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Workers from the University of Colorado Anschutz Medical Campus administer COVID-19 nasal swab tests for students on Feb. 1, 2022, at Aurora Science & Tech Middle School. The Colorado School of Public Health is testing the students with swabs as well as masks with testing strips that collect respiration samples as they breathe over multiple hours. (Olivia Sun, The Colorado Sun via Report for America)

AURORA – The middle schoolers belting out tunes in the school cafeteria and spooning in mouthfuls of chicken teriyaki and broccoli actually get that they are part of a potentially life-saving science experiment. 

As the eighth grade class at Aurora Science & Tech Middle School joins in a chorus of “So, before you go,” gloved researchers from the nearby Colorado School of Public Health are set up in the corner of the cafeteria collecting nasal swabs and face masks with the power to detect the coronavirus.

The middle school adjacent to the University of Colorado Anschutz Medical Campus is part of a dual-purpose surveillance and research study that could create new protocols for future waves of the coronavirus pandemic, or even future pandemics. 

About a third of the school’s students and staff have opted into the study that requires them to wear a mask with a sticky, polyvinyl alcohol strip inside, right in front of their nose. Students pick up their masks in the morning, then return them at lunchtime. The study, funded by the World Health Organization, includes the University of Leicester in England as well as CU, which is sending masks to seven university and health campuses in Colorado with a goal of collecting hundreds of coronavirus-positive masks. 

Eighth grader Cassandra Maynard takes a nasal swab test for COVID-19 on Feb. 1, 2022, at Aurora Science & Tech Middle School. (Olivia Sun, The Colorado Sun via Report for America)

The goal is that someday, people could tell by the color of the strip inside their mask whether they are exhaling coronavirus, and whether they are infectious. 

At first, the Colorado researchers weren’t getting much response as they looked for K-12 schools to test masks with the strips, which are created by a 3D printer and shipped from England. But then Dr. May Chu, an epidemiology professor at the Colorado School of Public Health, realized how she could sweeten the deal. She offered what schools need — assistance with a COVID-19 testing program that would identify asymptomatic students and staff.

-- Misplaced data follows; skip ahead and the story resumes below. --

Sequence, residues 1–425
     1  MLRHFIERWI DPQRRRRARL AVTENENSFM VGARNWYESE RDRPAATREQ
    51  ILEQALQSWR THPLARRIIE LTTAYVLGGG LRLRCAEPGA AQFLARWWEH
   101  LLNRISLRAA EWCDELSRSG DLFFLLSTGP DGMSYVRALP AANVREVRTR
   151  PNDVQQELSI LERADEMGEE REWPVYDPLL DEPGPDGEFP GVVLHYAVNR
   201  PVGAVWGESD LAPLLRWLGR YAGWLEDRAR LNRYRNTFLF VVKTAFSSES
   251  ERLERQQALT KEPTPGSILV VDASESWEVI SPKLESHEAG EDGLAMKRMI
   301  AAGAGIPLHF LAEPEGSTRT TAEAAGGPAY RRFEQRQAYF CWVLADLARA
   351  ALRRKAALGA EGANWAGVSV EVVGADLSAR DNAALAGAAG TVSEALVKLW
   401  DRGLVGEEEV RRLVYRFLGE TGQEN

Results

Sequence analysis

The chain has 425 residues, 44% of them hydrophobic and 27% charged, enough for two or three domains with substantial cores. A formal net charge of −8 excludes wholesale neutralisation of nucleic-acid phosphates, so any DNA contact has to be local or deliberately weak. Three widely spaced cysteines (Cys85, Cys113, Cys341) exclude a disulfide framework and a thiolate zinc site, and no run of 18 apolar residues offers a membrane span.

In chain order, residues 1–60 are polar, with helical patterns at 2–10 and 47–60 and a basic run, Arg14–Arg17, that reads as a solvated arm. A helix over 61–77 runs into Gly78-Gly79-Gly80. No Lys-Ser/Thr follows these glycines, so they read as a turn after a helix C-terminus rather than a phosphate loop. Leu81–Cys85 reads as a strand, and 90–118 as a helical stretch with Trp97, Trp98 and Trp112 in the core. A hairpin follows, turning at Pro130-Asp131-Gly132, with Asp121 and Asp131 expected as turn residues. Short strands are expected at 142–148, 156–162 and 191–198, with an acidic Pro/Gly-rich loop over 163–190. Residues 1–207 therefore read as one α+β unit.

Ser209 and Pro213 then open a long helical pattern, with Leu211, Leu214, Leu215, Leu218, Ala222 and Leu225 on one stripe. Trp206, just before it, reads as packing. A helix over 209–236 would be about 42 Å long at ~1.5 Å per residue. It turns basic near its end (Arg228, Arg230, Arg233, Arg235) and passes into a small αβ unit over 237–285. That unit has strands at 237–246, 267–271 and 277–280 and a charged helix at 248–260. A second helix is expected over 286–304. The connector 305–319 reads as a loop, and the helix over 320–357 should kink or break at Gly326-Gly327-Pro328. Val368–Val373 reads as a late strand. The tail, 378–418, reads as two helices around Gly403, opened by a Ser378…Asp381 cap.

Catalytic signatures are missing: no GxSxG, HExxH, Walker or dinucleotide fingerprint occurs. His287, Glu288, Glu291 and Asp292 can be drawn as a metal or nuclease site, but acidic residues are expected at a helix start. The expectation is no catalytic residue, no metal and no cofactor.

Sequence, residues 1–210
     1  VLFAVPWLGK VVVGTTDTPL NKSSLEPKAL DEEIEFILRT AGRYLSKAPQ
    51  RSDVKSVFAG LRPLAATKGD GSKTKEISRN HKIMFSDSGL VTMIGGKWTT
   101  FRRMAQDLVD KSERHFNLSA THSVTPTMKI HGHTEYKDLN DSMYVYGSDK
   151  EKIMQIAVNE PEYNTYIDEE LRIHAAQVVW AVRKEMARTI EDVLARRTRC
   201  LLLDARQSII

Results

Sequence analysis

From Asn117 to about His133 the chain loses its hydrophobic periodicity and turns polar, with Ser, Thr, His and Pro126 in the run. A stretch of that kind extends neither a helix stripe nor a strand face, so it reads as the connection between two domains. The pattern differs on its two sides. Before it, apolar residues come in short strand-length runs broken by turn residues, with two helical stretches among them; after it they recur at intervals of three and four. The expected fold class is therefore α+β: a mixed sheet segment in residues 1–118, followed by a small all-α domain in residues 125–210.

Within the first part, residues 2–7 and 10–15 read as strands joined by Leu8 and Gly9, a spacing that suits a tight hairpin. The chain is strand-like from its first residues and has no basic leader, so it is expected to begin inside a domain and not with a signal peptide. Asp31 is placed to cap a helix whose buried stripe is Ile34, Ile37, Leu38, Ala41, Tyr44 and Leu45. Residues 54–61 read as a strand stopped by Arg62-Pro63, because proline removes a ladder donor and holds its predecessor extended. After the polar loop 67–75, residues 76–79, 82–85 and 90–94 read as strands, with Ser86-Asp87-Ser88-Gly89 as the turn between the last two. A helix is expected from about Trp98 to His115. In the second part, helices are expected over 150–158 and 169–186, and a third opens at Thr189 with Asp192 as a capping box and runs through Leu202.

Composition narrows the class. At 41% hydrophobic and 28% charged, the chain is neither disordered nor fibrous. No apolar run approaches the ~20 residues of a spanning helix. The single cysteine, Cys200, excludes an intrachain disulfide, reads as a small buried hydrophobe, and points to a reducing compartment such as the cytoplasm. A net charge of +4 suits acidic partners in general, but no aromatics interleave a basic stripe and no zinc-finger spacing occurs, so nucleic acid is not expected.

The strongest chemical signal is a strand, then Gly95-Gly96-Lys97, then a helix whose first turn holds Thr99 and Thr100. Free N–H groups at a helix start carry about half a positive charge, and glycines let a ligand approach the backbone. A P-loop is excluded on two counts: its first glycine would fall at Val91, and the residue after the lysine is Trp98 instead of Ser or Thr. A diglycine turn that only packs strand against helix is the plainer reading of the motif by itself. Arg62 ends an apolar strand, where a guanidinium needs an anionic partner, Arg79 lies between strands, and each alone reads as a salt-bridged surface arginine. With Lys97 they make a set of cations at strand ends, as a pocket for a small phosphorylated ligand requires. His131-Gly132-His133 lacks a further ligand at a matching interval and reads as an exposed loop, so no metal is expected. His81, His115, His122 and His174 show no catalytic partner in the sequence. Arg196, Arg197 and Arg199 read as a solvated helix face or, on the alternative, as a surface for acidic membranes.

And the middle school, one of only a handful of public, open-enrollment schools in the nation on a medical campus, jumped at the chance. 

Once a week for the past month, as the omicron variant has surged in Colorado, public health researchers have set up their testing table inside the school cafeteria. The process is swift and doesn’t cut into learning time. Over three lunch periods — for sixth, seventh and then the eighth graders — students whose parents have opted into the program stop by the table and get their hands squirted with sanitizer. Each writes their name on a nasal swab kit, then swipes their nostrils with a swab. 

After lunch, the School of Public Health researchers walk the nasal swabs and the masks to Summit Biolabs, about a block away in the innovation section of the medical campus. And by around dinner time, Aurora Science & Tech Middle School director Rebecca Bloch gets the results of the nasal swab testing. It’s a super fast turnaround for PCR testing, which can take three to five days at other labs. 

Six to eight students and teachers, almost every one asymptomatic, have tested positive each week so far. Bloch calls those with positive results the same night. Every time, they’re “shocked,” she said. 

“Before, we were just having students or faculty who had symptoms stay home,” the principal said. “This is actually pretty amazing because it’s allowing us to catch the asymptomatic cases.” 

Masks with a testing strip are used in a Colorado School of Public Health study to determine whether students are exhaling the coronavirus and if they are infectious. (Olivia Sun, The Colorado Sun via Report for America)

Those who test positive, along with the handful of kids at their assigned lunch table who are considered close contacts because they are not wearing masks and are together for longer than 15 minutes, are asked to quarantine. One teacher who was sick but returned to school after a negative coronavirus test, later tested positive during the school screening program. 

Parents, especially those with children who are immuno-compromised, appreciate the program, which is gathering more volunteers each week, Bloch said. It started out in early January with 80 participants, and now more than 130 of the 435 people on campus are taking the weekly tests. 

Bloch figures there are a variety of reasons why there aren’t more students signed up. “It’s not wanting to fill out a form, even though it’s quick and pretty easy to do,” she said. “Personal feelings about vaccines. Or their child has already had COVID and not realizing there are recurring cases. That’s the big question for me to solve and I’m not quite sure why.”

“It’s actually painless.”